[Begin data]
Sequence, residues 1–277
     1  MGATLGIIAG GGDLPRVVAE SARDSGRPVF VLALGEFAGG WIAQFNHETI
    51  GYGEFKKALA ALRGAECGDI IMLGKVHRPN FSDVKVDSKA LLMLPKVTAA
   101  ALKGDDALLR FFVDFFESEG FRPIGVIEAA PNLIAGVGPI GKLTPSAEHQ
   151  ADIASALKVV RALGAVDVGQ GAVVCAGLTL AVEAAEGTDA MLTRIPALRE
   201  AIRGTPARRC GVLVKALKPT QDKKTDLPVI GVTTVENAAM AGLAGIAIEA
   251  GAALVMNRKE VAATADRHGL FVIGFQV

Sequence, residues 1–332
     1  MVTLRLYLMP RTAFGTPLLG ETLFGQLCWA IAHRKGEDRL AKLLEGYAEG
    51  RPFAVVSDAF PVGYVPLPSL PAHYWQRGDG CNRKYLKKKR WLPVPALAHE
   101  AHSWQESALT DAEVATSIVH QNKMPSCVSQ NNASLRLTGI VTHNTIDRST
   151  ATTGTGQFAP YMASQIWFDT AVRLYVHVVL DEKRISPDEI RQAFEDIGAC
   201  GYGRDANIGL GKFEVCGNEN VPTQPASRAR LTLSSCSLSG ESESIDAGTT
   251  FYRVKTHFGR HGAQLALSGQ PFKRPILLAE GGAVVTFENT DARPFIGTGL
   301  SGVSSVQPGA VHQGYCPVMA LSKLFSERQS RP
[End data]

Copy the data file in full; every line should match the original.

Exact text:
Sequence, residues 1–277
     1  MGATLGIIAG GGDLPRVVAE SARDSGRPVF VLALGEFAGG WIAQFNHETI
    51  GYGEFKKALA ALRGAECGDI IMLGKVHRPN FSDVKVDSKA LLMLPKVTAA
   101  ALKGDDALLR FFVDFFESEG FRPIGVIEAA PNLIAGVGPI GKLTPSAEHQ
   151  ADIASALKVV RALGAVDVGQ GAVVCAGLTL AVEAAEGTDA MLTRIPALRE
   201  AIRGTPARRC GVLVKALKPT QDKKTDLPVI GVTTVENAAM AGLAGIAIEA
   251  GAALVMNRKE VAATADRHGL FVIGFQV

Sequence, residues 1–332
     1  MVTLRLYLMP RTAFGTPLLG ETLFGQLCWA IAHRKGEDRL AKLLEGYAEG
    51  RPFAVVSDAF PVGYVPLPSL PAHYWQRGDG CNRKYLKKKR WLPVPALAHE
   101  AHSWQESALT DAEVATSIVH QNKMPSCVSQ NNASLRLTGI VTHNTIDRST
   151  ATTGTGQFAP YMASQIWFDT AVRLYVHVVL DEKRISPDEI RQAFEDIGAC
   201  GYGRDANIGL GKFEVCGNEN VPTQPASRAR LTLSSCSLSG ESESIDAGTT
   251  FYRVKTHFGR HGAQLALSGQ PFKRPILLAE GGAVVTFENT DARPFIGTGL
   301  SGVSSVQPGA VHQGYCPVMA LSKLFSERQS RP